06/18/2023, 16.44
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Pope: sadness and sorrow for the victims of the ‘serious shipwreck’ in the Mediterranean

In his address during the Angelus, Francis noted that the sea was calm and that nothing was in the way of a rescue operation. As the UN marks World Refugee Days this coming week, “everything possible [must] be done to prevent similar tragedies,” the pope said. He thanked everyone for their show of affection and closeness during his surgery and hospitalisation. He also urged the faithful to pray for the students in Uganda and the people of Ukraine. The love of God is "the fundamental reality of life".

Vatican City (AsiaNews) – During today’s Angelus, Pope Francis addressed the faithful in St Peter's Square for the first time since he underwent surgery at Rome’s Gemelli Hospital on 7 June.

In his address, the pontiff thanked everyone for all the prayers. Afterwards, he expressed “great sorrow and heartache” for “the victims of the serious shipwreck that occurred in recent days off the coast of Greece” when it seems “the sea were calm.”

Today’s was Francis’s first "public appointment" since his operation. Last week, he recited the Angelus privately in his hospital room. During his hospitalisation, he met with other patients, including children in the cancer ward.

Speaking about the shipwreck, Francis stressed that the conditions of the sea were not an obstacle to a rescue mission. He also pointed out that next Tuesday, 20 June, is World Refugee Day. Renewing his prayers “for those who have lost their lives,” he “implore[d] that everything possible always be done to prevent similar tragedies.”

The pope also prayed “for the young students, victims of the brutal attack against a school in the west of Uganda. This battle, this war everywhere” calls upon us to “persevere in prayer”, including for “the population of tormented Ukraine [. . .] who suffer greatly.”

At the start of the Angelus and after greeting the many faithful, the pontiff expressed his "gratitude" for the human and spiritual closeness, the affection shown to him during his stay in hospital. “Thank you all! Thank you! Thank you from my heart!”

Almost two weeks ago, Pope Francis underwent successful abdominal surgery (laparotomy), the second in three years. Thanks to a speedy recovery, he left the hospital two days ago in a wheelchair, in a good mood, greeting patients and journalists, going first to Our Lady in Santa Maria Maggiore before returning to the Vatican.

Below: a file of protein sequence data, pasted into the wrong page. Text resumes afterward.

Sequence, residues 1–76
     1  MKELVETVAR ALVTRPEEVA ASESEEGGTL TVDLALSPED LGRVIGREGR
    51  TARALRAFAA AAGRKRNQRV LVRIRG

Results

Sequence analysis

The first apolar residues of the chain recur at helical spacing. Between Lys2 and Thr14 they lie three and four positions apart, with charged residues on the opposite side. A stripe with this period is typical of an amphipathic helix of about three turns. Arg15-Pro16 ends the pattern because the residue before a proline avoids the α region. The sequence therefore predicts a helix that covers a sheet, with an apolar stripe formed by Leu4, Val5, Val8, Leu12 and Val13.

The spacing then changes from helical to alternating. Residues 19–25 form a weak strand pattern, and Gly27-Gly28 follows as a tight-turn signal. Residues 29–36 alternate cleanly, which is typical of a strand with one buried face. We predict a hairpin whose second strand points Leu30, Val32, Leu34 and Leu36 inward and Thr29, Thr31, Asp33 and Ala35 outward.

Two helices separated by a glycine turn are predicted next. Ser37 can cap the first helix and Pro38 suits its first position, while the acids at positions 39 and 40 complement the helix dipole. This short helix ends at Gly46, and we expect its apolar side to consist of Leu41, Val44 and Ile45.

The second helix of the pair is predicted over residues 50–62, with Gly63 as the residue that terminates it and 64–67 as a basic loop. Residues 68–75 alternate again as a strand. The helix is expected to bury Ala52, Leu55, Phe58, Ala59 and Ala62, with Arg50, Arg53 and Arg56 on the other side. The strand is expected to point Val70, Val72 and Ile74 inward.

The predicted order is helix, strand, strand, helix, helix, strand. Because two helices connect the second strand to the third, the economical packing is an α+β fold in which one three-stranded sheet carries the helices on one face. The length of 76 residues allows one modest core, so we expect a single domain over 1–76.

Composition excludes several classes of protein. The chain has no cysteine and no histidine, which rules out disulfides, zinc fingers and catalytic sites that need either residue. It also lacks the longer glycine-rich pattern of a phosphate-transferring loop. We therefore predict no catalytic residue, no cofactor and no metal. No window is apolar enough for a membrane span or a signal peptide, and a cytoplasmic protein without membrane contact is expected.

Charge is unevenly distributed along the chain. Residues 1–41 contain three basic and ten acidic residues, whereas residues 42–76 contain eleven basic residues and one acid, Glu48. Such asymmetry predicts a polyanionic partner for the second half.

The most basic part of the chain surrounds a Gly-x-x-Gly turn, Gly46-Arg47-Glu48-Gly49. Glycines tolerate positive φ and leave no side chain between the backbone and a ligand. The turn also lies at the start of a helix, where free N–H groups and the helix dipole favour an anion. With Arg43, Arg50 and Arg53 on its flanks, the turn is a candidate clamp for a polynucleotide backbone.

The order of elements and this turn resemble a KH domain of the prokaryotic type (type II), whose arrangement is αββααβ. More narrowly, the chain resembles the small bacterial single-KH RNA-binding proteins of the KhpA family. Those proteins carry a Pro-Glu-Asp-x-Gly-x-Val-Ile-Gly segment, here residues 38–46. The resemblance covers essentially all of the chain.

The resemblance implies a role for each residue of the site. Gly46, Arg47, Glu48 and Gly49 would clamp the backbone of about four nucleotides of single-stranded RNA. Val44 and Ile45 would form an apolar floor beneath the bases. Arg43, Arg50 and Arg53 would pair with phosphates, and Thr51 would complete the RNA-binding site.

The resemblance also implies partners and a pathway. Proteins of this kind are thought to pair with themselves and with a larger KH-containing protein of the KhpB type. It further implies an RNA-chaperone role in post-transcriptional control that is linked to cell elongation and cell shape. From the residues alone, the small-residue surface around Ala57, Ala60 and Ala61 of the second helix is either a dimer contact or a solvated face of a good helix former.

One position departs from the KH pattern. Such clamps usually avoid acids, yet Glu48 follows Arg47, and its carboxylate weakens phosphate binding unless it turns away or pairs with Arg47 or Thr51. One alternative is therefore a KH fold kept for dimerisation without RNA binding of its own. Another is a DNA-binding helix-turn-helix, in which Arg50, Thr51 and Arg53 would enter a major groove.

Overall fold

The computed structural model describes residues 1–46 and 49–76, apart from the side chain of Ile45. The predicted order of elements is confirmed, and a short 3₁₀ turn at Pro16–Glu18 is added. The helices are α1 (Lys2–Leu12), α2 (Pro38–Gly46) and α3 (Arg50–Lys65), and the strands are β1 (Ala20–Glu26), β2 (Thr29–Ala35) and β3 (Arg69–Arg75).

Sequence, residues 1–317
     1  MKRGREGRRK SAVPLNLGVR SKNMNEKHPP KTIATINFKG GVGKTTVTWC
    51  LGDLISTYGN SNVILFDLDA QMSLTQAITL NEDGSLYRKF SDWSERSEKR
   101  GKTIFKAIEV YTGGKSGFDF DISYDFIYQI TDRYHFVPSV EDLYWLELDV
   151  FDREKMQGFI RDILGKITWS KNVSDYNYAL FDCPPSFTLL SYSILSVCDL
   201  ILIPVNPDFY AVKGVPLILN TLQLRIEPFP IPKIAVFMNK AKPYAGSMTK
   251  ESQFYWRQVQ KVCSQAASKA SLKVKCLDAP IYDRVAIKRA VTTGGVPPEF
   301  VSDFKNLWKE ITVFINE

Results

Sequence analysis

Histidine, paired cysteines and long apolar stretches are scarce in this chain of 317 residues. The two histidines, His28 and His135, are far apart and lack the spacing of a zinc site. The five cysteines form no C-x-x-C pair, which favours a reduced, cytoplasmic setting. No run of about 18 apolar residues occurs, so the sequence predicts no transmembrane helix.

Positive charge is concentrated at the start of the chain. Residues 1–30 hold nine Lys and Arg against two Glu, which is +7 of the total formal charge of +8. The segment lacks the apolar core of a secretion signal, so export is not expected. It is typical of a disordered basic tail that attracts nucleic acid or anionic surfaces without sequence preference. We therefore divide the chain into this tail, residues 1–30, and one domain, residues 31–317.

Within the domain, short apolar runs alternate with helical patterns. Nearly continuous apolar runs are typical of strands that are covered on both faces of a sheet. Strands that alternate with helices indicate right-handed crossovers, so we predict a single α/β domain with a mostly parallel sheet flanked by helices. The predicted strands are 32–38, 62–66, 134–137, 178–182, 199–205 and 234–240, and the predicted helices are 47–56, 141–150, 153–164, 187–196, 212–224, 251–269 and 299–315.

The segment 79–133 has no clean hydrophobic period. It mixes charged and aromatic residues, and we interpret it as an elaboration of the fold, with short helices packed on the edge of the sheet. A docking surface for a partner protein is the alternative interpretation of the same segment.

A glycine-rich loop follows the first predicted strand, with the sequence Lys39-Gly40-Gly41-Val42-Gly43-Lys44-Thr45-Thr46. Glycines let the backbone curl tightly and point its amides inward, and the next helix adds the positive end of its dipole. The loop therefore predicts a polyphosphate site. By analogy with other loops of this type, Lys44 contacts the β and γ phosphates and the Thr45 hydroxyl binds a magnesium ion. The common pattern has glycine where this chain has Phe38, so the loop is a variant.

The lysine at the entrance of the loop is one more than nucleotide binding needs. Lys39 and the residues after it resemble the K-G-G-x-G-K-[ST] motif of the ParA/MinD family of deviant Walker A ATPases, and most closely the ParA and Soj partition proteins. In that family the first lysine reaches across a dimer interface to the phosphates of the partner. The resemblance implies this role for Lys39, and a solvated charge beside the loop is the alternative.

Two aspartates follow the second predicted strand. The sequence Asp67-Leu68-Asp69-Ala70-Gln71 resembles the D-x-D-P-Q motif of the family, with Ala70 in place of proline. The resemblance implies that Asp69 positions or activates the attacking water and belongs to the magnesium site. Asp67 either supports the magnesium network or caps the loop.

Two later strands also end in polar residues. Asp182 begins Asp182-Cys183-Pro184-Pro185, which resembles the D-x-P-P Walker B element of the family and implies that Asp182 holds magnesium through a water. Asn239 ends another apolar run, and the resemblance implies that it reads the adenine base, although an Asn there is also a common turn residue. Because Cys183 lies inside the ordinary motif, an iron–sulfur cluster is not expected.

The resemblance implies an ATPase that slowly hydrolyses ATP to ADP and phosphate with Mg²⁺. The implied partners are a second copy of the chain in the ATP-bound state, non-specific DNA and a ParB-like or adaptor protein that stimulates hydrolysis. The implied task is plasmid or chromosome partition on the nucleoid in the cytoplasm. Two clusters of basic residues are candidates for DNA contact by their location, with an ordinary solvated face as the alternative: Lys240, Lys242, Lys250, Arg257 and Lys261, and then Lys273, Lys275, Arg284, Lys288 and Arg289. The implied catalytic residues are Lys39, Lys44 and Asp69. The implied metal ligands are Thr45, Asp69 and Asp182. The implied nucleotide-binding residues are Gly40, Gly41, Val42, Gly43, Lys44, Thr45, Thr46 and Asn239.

Later the Vatican Press Office announced that while the pontiff would attend all scheduled audiences, he would skip the General Audience on Wednesday to ensure his full post-operative recovery.

Earlier, commenting today’s Gospel, Francis mentioned Jesus's meeting with the 12 apostles, "whom he calls by name and sends out [. . .] to proclaim just one thing", i.e. “the kingdom of heaven is at hand”.

This is a reference to the start of preaching the kingdom of God, which is "his lordship of love" and "the fundamental reality of life".

“Here is the first thing to say to people: God is not far away, but he is a Father. God is not distant, he is a Father, he knows you and he loves you; he wants to take you by the hand, even when you travel on steep and rugged paths, even when you fall and struggle to get up again and get back on track.”

The pontiff went on to invite the faithful “to think like a child, who walks held by his father’s hand: everything seems different. The world, large and mysterious, becomes familiar and secure, because the child knows he is protected.”

This allows the child to overcome fear and open up to people, find friends and discover the desire to "become grown up and do the things he has seen his daddy do.”

“[B]y staying close to God, we conquer fear, we open ourselves to love, we grow in goodness and we feel the need and the joy to proclaim.”

Hence, to be good apostles, we must be "like children" and "sit ‘on God's lap’ and from there, look at the world with trust and love".

Following this point, Francis said that to proclaim it is not necessary to say many words. In fact, unlike “the ‘talkers’ with their endless talk and no action”, all it takes is “performing many deeds of love and hope in the name of the Lord”, which is the “heart of proclamation: witness freely given, service.”

At the end of the Angelus, Francis urged the faithful to pray to “Mary; may she help us feel we are loved and transmit closeness and trust.”

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